Posted by: smithdavid | April 8, 2012

A long December and there’s reason to believe…

This beach is different: there’s a hundred yard stretch of sand between lush dunes and the receding current; sunbathers lie beneath umbrellas or sizzle in the hot rays; small children edge towards the water and then scream in delight when it laps at their feet. This  is Nahoon, South Africa at Christmas.

I’m standing – hands on hips, top half of wetsuit hanging from my waist – as I listen to Andre. I can feel the sun baking my forehead and shoulders despite all the cream.

'This beach is different...'

First he tells me about the beach: watch for the rip at the river mouth but if it does take you wait for it to fade and then catch a wave back in; the famous break is down the far end at the reef but we won’t go there today; if you’re surfing alone at your level, make sure you’re beside the lifeguard flags so that they can get you if you get in trouble.

He has me stretching before I even attempt a beach pop-up. ‘I think the running made them worse,’ I say in embarrassment as I reach for my toes in the hamstring stretch.

‘We all struggle once we get to a certain age…’ he says generously.

Now he has me on my belly on the hot sand. He watches as I try to spring up. ‘You know, because you’re not a kid, it’s gonna be very difficult to learn this…’ So he shows me a four step movement for getting up on a board. Even this is difficult with my inflexible muscles and tendons. I think of it with chagrin – one of the steps involves kneeling – an unforgiveable sin in surfing I thought. But Andre must know – he’s been doing this almost as long as he’s been walking. And he’s been walking longer than I have.

In the breaking waves he does all the hard work for me: turns the board, sets me square on it, pushes me on so that the waves will take me. All I have to do is pop-up. But it’s the usual routine: half up on one, and then off again. Racing to the shore on another but never feeling stable enough to get up.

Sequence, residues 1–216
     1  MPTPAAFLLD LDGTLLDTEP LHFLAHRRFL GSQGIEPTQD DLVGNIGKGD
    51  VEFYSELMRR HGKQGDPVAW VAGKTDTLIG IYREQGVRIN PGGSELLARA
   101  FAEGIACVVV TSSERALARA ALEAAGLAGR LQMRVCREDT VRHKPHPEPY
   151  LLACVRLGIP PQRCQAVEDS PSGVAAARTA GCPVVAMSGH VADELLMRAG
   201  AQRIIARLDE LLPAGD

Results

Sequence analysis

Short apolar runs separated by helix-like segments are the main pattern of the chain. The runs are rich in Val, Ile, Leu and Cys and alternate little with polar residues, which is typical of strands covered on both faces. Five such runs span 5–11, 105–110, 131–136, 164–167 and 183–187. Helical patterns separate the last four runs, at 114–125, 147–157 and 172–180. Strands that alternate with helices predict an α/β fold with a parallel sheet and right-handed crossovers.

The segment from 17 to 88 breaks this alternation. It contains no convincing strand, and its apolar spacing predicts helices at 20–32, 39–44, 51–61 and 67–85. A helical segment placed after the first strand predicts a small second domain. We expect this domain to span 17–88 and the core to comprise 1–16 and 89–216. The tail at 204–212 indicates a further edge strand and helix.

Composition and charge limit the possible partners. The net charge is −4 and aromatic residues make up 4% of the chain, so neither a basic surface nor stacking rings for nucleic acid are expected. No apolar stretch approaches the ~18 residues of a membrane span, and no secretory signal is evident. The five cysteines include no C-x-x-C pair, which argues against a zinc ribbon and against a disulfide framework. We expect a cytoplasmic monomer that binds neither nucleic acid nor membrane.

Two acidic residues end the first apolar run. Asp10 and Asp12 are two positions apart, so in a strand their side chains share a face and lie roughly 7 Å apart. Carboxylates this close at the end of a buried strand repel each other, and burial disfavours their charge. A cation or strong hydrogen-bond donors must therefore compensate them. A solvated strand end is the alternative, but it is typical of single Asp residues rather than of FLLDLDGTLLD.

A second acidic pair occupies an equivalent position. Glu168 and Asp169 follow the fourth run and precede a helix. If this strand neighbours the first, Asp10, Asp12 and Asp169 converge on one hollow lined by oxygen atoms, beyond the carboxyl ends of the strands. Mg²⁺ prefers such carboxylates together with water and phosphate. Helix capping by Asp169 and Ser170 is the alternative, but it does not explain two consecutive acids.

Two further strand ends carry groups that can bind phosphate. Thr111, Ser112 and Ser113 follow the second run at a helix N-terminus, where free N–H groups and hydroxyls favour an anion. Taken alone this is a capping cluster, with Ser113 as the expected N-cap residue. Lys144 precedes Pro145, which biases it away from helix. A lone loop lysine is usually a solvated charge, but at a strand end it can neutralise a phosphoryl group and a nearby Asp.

Then something happens – I’m on a wave and I remember his words – it’s all about getting steady on the board first. So I pull my knees up onto the board. Then sweep my left knee forward. My right foot goes back and I raise my bum while still holding the board. And then I’m standing! It only lasts a second or two but I feel the weightlessness and cyclic motion. My body screams with joy. The roar of the waves is loud but still I hear Andre cheering me on.

Not me giving it air at Nahoon. But maybe one day...

‘How do you know which waves to catch?’ I ask later. He laughs – it’s like asking how do you know if God really exists.

‘It’s not clean today, so it’s difficult…it’ll take you a while to judge them…’ By the way he says it I know the ‘while’ could be many years. ‘Right – ten more and then we’ll go in…’

I almost stand on some; I hash others. But there is at last some progress. There’ll be another lesson tomorrow – I’ll have to be up early. Surfing has imposed a new regime on beach holidays: no more waking late, making the beach by noon, sitting fully covered to avoid burns, cursing the sand and sun-cream, wondering what all the fuss is about. There is a sense of purpose at sunrise now. And a sense of weary achievement at sunset.

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Responses

  1. Loving the Weekly Posts uncle SmithDavid.

    Did you see this Article?

    http://www.dailymail.co.uk/news/article-2127579/How-Hawaiian-princes-brought-surfing-Yorkshire-1890.html

  2. cheers mike. not sure about this uncle lark – i’m only a couple of years older than you….

  3. Dave, I now see waves as vehicles to another world… What magic happens under them?

    • the magic cannot really be explained. as with most things, it has to be felt…


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